The Hyde Amendment stops the government from using federal funds through Medicaid for abortions -- except in the case of rape, incest and medical threats to the mother's life. As a result, the Hyde Amendment disproportionately affects women of color.
Medicaid covers low-income women, who are also generally at a higher risk of unintended pregnancies. This is for a number of factors including poor sex education and a lack of access to medical care and contraceptives.
As a recent study showed, teen women who have abortions have higher education levels and incomes compared to those who choose to give birth. This makes sense -- having a child when you are not prepared can disrupt your life pretty heavily. In this way, a lack of access to abortion because of the Hyde Amendment helps to reinforce a cycle of poverty.
Basically, the Hyde Amendment targets the most vulnerable women in America. That's not cool.
The Hyde Amendment was introduced in 1976, just three years after Roe v. Wade made abortion legal. It was pretty clearly done as a way to restrict access to abortion after access was opened up with Roe. It gets passed in Congress every year as part of the budget.
But this year, the Democratic party decided to make getting rid of the Hyde Amendment a part of its platform. Clinton has been saying throughout her campaign she is strongly against the Hyde Amendment, standing up for low-income women's rights to abortion.
Although Clinton's clear on her position, Kaine has not been doing such a great job.
Kaine, who is a strong practicing Catholic, has said he is personally against abortion. When he was governor of Virginia, he signed several bills restricting women's access to health care and abortion.
However, since Kaine was elected to the Senate in 2012, he has been politically for abortion rights. NARAL Pro-Choice America president Ilyse Hogue said in a statement,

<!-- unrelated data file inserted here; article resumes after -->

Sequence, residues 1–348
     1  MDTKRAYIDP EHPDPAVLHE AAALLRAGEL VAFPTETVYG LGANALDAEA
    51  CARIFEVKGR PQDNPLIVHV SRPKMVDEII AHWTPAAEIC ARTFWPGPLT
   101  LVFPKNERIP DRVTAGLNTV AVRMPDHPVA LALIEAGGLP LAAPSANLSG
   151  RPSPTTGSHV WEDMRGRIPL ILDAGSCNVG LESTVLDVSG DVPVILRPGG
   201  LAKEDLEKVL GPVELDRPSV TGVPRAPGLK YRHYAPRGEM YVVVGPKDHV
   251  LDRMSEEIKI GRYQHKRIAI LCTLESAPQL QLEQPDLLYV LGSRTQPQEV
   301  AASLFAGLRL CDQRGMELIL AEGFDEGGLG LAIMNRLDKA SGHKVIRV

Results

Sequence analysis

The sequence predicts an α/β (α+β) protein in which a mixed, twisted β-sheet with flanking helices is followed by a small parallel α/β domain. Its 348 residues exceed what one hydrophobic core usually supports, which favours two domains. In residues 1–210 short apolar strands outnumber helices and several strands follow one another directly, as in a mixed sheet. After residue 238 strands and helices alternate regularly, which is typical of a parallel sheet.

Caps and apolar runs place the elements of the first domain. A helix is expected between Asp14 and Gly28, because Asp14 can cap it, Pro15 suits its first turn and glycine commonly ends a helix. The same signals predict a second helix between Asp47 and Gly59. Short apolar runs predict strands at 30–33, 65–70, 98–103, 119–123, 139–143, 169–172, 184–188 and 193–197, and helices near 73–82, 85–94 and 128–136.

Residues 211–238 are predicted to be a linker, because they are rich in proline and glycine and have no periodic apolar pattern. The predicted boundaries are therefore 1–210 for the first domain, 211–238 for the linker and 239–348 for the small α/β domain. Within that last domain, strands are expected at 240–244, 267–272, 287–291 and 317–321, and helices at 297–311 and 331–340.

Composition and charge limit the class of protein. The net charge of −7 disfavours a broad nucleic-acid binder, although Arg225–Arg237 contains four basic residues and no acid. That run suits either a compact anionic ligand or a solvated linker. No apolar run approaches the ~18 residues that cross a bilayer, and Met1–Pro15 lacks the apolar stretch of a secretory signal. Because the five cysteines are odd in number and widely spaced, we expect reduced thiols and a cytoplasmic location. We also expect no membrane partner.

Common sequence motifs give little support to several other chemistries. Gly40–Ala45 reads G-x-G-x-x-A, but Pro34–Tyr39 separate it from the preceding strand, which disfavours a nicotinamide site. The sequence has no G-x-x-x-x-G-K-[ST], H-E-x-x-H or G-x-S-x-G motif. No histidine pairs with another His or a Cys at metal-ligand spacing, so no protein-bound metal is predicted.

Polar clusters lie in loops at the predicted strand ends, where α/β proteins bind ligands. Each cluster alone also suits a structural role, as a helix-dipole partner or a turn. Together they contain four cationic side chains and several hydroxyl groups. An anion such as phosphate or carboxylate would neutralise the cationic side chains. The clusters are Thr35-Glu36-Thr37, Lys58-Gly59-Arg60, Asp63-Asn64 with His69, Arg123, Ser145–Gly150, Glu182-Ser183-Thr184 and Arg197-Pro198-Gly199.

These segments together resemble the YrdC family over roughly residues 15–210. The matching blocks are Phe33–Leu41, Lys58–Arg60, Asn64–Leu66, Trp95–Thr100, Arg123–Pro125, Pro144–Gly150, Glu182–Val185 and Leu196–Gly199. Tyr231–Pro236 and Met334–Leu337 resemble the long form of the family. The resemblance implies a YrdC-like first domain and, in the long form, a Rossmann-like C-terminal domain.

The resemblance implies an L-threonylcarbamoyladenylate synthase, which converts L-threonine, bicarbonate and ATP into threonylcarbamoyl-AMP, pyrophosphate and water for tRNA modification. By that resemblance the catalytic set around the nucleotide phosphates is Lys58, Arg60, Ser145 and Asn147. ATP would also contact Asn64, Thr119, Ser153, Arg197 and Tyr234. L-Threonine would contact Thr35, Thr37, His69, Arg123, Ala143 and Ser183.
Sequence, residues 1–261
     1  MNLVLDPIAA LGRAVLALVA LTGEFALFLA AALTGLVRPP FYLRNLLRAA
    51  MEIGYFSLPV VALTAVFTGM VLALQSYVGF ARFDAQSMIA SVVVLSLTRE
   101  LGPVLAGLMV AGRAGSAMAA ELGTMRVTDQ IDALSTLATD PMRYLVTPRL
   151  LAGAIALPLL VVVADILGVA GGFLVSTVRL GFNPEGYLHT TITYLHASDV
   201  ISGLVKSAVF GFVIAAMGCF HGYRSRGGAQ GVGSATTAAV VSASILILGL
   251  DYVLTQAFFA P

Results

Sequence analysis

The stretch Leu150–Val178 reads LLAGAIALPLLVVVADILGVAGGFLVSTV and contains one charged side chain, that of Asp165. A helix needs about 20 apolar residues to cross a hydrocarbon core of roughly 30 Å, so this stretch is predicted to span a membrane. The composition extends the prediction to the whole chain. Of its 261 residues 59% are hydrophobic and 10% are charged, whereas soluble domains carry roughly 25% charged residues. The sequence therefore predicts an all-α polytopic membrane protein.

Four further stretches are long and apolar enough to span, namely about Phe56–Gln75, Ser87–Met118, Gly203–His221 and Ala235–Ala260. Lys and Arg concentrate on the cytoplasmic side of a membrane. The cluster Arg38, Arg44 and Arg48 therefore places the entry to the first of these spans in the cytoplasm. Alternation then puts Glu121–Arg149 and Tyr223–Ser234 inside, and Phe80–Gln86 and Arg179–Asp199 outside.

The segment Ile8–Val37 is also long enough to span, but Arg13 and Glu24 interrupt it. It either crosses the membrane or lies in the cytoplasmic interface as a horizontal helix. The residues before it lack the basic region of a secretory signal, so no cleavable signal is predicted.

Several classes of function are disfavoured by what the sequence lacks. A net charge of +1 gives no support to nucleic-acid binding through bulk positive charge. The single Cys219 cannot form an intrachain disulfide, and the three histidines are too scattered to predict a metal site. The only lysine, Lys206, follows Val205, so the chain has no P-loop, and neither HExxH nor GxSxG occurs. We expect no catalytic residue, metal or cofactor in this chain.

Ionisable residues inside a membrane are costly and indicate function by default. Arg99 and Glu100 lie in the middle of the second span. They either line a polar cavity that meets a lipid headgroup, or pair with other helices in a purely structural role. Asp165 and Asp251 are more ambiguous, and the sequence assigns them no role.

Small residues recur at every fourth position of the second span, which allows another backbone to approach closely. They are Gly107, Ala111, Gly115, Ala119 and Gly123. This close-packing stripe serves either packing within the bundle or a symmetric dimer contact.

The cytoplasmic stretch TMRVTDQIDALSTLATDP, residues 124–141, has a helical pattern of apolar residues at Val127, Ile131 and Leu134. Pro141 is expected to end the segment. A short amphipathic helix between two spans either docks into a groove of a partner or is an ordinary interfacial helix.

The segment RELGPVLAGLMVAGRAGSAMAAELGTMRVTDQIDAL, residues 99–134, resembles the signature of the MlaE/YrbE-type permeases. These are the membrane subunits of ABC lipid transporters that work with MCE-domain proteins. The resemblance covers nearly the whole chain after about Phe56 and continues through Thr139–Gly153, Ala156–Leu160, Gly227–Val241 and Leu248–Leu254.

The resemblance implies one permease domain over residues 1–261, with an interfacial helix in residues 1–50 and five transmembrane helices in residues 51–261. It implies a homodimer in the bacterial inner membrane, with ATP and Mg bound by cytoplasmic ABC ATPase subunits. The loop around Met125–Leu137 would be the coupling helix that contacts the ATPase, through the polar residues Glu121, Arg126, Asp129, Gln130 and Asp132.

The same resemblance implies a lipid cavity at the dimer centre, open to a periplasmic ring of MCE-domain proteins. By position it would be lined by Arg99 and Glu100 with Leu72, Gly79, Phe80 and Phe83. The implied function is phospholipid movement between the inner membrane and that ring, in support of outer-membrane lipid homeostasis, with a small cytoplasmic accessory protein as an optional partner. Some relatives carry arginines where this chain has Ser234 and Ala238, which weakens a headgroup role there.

While Senator Kaine has been open about his personal reservations about abortion, he's maintained a 100 [percent] pro-choice voting record in the US Senate.
In this way, Kaine is acting like an ideal politician. He puts his personal beliefs aside to protect the rights and freedom of the people he is sworn to represent.
This is not the only issue on which Kaine acts how a politician should always be acting. He personally disagrees with the death penalty, but he allowed several executions to happen while he was governor of Virginia. The New York Times described this as Kaine upholding the law as a politician although it tore at him as a person.
Now, at least, Kaine can stand by his personal beliefs on the death penalty since the Democratic party included abolishing the death penalty in its party platform.
But Kaine's apparent stance on the Hyde Amendment does not help his case that he's fully for women's rights and social justice (or even the Democratic platform).
Earlier this week, spokespeople for the Clinton-Kaine campaign said Kaine told Clinton privately he supports her plan to end the Hyde Amendment.
But on CNN Friday morning, Kaine himself gave a different perspective.
I have been for the Hyde Amendment, and I have not changed my position on that... I have not changed my position. Have not changed my position on that.
Which makes it pretty clear, really, where he stands.
Abortion has finally become an open conversation in politics. This week at the Democratic National Convention, Planned Parenthood president Cecile Richards became the first person to use the word "abortion" on a DNC stage.
A day later, Hogue became the first woman to talk about her own abortion on a DNC stage.
With so much progress in both open discussion and policy adoption, it's disheartening to see Kaine backing away from bringing down legislation that takes away many women's rights to choose.
If he wants to show he's fully for women -- particularly low-income women and women of color -- Kaine needs to stand against the Hyde Amendment.